(2.10) |

In the second inequality of (2.10), we have used (2.8). Since is dense in , we find that the inequality (2.10) is valid for all . Hence, it follows that , and the estimate (2.7) is then obtained by density argument. ∎

For the next statements, we need the notation to indicate the dependence on . Let us also denote by the point spectrum of , by the subset and by the dimension of this subset.

###### Proposition 2.5.

Let be in . Then for all except for a discrete subset of .

###### Proof.

Let us define a -valued analytic function on by

By Lemma 2.4, is a compact operator for each . Therefore, one can apply the analytic Fredholm theorem (see for example [15, p. 201]) and deduce that is invertible in for all except for a discrete subset of . In particular, one infers that for all except for a discrete subset of .

Now, let such that , and let us assume that there exists . Clearly, one has . Then, let us set which satisfies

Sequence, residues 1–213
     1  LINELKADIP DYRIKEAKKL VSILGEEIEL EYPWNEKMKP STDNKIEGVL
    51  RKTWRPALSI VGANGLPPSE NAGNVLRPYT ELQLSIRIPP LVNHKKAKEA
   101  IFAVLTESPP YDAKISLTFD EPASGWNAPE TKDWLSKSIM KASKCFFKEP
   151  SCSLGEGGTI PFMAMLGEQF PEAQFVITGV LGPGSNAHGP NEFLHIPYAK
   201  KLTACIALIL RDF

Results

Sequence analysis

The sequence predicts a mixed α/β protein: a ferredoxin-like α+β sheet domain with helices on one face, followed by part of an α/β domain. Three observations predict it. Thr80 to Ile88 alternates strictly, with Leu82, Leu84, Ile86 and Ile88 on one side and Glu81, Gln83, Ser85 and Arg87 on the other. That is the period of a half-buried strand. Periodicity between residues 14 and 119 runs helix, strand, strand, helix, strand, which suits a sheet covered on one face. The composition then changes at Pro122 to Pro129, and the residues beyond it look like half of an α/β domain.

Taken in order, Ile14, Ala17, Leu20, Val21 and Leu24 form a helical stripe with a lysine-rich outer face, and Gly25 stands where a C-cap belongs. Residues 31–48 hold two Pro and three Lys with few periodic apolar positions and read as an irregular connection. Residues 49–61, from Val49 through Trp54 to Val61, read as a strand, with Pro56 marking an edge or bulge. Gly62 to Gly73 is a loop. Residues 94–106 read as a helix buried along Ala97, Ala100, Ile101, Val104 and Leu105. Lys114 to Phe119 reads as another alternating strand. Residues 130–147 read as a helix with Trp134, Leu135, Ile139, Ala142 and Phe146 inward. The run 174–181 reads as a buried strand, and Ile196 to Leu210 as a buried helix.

(2.11) |

It is obvious that (2.11) is equivalent to . This implies that , because is invertible in . Since is an injective mapping from to , it follows that , and we can conclude that whenever is invertible in . ∎

###### Proposition 2.6.

The set contains an open and dense subset of .

###### Proof.

Let us now set

for any . In the sequel, we show that the set defined by

is open and dense in . Then, the statement of the Proposition is a consequence of the inclusion which has already been proved in the second half of the previous proof.

Let . Since is a compact operator in by Lemma 2.4, we observe that is invertible in . Now choose a real number small enough such that . If satisfies , then the identity

together with (2.7), enables one to construct the inverse of by a Neumann series. Hence, , and then is an open subset of .

To prove the density of , let and be given. It then follows from the proof of Proposition 2.5 that is invertible in for all except for a discrete subset of . This means that one can choose so that and that . Therefore , and then is dense in . ∎

We now derive two results about the absence of -energy resonance. Before this, we recall from [20, Thm. 4.6] that if for some , then is a tempered distribution.

###### Lemma 2.7.

Assume that satisfies Condition (1.1) with . Assume that there exists for some satisfying in the sense of distributions. Then , i.e. is a -energy eigenfunction.

###### Proof.